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New ICANN Requirements for New gTLDs Are Irrelevant

Alex Tajirian

ICANN is barking up a number of wrong trees with the latest version of its Evaluation and Questions Criteria for generic top-level domains (gTLDs). The document asks for financial projections, the applicant's goals for its TLD, and the benefits the applicant expects to derive. All that information is meaningless. Instead, ICANN should require applicants to present a detailed risk-management plan, consider price premiums on existing TLDs, and an estimate of value derived from prediction markets.

On page 40, ICANN expanded the financial statements section to require financial projections and their underlying assumptions. At the bottom of page 42, the document states that applicants "must demonstrate a conservative estimate of costs based on actual examples of previous or existing registry operations with similar approach and projections for growth ..." How can applicants quantify conservative estimates? How can they provide any meaningful estimates of growth when they cannot even determine the initial demand for the new gTLD? What we have here is a case of garbage in and garbage out. As a result, viable TLDs may wind up being rejected and nonviable ones accepted.

Some events can't be predicted, only experienced. For example, what would people pay for apps? How successful would the launch of Twitter be? Moreover, using existing registry-cost estimates may overstate a new gTLD applicant's cost because existing registrars will have additional economies of scale and scope advantages in operations, marketing, and execution.

Growth and value estimates should be based on prediction markets and price premium estimates among existing TLDs. Although prediction markets are not perfect, they can eliminate a lot of the failures.

You may ask why venture capitalists don't use prediction markets. The reason is that crowdsourcing would let the competitors of a technology start-up get a hold of strategic information. The situation is different with new gTLDs. Even if an applicant reveals an interesting new gTLD, it need not reveal the outcome of crowdsourcing.

TLD price premiums provide valuable information about which TLDs have fared better than others. Such information can be valuable to applicants who are able to infer the causes of success.

On page 11, the guidelines now require applicants to justify their proposed TLD's goals and benefits. However, competitive strategy requires applicants to differentiate their products to have a chance of success. They don't need ICANN to tell them how to make sound business decisions. With the possibility of a thousand new gTLDs, market solutions become more viable than ICANN's beauty contests.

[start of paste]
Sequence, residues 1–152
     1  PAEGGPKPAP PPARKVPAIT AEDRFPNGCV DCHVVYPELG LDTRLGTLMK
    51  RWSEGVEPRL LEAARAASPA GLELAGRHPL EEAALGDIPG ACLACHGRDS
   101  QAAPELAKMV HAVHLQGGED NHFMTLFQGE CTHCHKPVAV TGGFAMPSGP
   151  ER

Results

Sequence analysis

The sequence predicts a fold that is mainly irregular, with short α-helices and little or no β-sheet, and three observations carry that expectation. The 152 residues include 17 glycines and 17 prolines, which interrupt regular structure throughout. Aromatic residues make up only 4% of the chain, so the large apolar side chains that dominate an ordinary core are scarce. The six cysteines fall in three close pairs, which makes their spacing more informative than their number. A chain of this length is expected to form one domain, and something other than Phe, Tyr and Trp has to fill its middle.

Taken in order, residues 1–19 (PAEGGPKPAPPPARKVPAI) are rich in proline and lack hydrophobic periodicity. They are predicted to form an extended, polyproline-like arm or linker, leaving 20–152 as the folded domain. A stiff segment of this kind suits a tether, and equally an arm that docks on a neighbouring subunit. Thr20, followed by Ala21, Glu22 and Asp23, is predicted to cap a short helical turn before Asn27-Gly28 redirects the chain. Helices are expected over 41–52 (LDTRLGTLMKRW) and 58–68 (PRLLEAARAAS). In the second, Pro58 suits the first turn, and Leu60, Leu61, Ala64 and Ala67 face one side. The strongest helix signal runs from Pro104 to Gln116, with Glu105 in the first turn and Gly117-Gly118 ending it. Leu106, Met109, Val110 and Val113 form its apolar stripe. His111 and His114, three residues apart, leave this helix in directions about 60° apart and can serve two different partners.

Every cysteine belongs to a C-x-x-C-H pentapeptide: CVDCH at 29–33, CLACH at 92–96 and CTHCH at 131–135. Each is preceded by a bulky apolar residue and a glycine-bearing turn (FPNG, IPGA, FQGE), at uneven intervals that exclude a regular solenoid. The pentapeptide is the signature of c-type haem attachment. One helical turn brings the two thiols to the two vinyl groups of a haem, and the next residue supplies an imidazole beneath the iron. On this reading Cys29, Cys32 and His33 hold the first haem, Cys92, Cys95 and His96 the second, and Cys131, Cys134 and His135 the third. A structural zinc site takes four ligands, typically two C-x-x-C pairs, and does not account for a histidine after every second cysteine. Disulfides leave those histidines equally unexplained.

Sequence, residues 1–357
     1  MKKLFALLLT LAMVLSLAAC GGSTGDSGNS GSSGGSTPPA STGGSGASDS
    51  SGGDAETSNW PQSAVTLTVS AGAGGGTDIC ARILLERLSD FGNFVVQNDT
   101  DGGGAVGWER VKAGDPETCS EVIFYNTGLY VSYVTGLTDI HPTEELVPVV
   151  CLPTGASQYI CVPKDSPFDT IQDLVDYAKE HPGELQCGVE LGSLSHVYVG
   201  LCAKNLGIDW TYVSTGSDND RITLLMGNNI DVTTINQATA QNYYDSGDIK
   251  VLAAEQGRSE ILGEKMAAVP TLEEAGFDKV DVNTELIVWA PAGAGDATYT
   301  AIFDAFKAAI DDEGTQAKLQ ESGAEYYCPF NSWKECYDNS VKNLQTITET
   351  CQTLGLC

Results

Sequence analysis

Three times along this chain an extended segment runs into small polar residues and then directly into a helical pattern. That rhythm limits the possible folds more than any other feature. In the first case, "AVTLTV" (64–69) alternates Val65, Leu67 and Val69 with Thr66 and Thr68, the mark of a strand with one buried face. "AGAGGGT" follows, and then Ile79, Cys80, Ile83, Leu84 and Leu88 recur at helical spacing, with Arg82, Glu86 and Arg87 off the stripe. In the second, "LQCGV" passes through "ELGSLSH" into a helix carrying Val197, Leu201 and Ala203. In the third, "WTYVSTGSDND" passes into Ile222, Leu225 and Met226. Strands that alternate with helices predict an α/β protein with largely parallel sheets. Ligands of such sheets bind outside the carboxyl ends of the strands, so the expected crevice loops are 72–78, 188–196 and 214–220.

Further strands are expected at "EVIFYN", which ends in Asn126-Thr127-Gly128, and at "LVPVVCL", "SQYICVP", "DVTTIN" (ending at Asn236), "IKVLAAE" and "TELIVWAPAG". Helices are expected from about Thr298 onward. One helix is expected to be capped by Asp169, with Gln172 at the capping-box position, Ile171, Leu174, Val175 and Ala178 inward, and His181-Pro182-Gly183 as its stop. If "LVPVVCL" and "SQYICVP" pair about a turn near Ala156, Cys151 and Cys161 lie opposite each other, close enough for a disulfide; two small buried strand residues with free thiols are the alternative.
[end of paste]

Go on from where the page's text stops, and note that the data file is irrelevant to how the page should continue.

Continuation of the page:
To decrease applicants' failure risk, ICANN should require each new gTLD applicant to provide a risk management plan. The plan, which would be in addition to the already approved financial risk-management requirements, would provide details on how the applicant intended to respond to technical failures and registrations that were considerably higher or lower than expected. (The risk range parameters can be quantified.)

In short, ICANN should focus less on applicants' tactics and more on their risk management strategies. ICANN should make it mandatory for applicants to use prediction markets and should not require applicants to state the benefits of their gTLDs. Only markets can determine the value of a gTLD and the value of the new gTLD program to society. No amount of analyses can provide a substitute.

By Alex Tajirian, CEO at DomainMart
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Related topics: ICANN, Policy & Regulation, New TLDs
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Wow John Levine  –  Jun 09, 2011 8:45 AM PDT

I'm impressed at the admission here that the primary, maybe the only, reason to add thousands of new TLDs is to enable yet more domain speculation.

If the primary reason is speculation the Paul Tattersfield  –  Jun 09, 2011 2:08 PM PDT

If the primary reason is speculation the whole process will collapse into a horrible mess and it will probably be the end of the ICANN model.

Which is kind of ironic given the numbers of ICANN staff and people involved/responsible for changing, probably the most successful system in the history of mankind, who are now hoping to become mega rich businessmen by selling new gTLDs in the proposed new gTLD gold rush. Not to mention the Vertical Integration and equal treatment Trojan horse bonuses created specially for benefit of the contracted and would be contracted parties.

The crucial question is - Is it worth investing in any defensive registrations in new gTLDs at all? Or would it be more sensible to wait and see which ones are likely to gain momentum or even survive?

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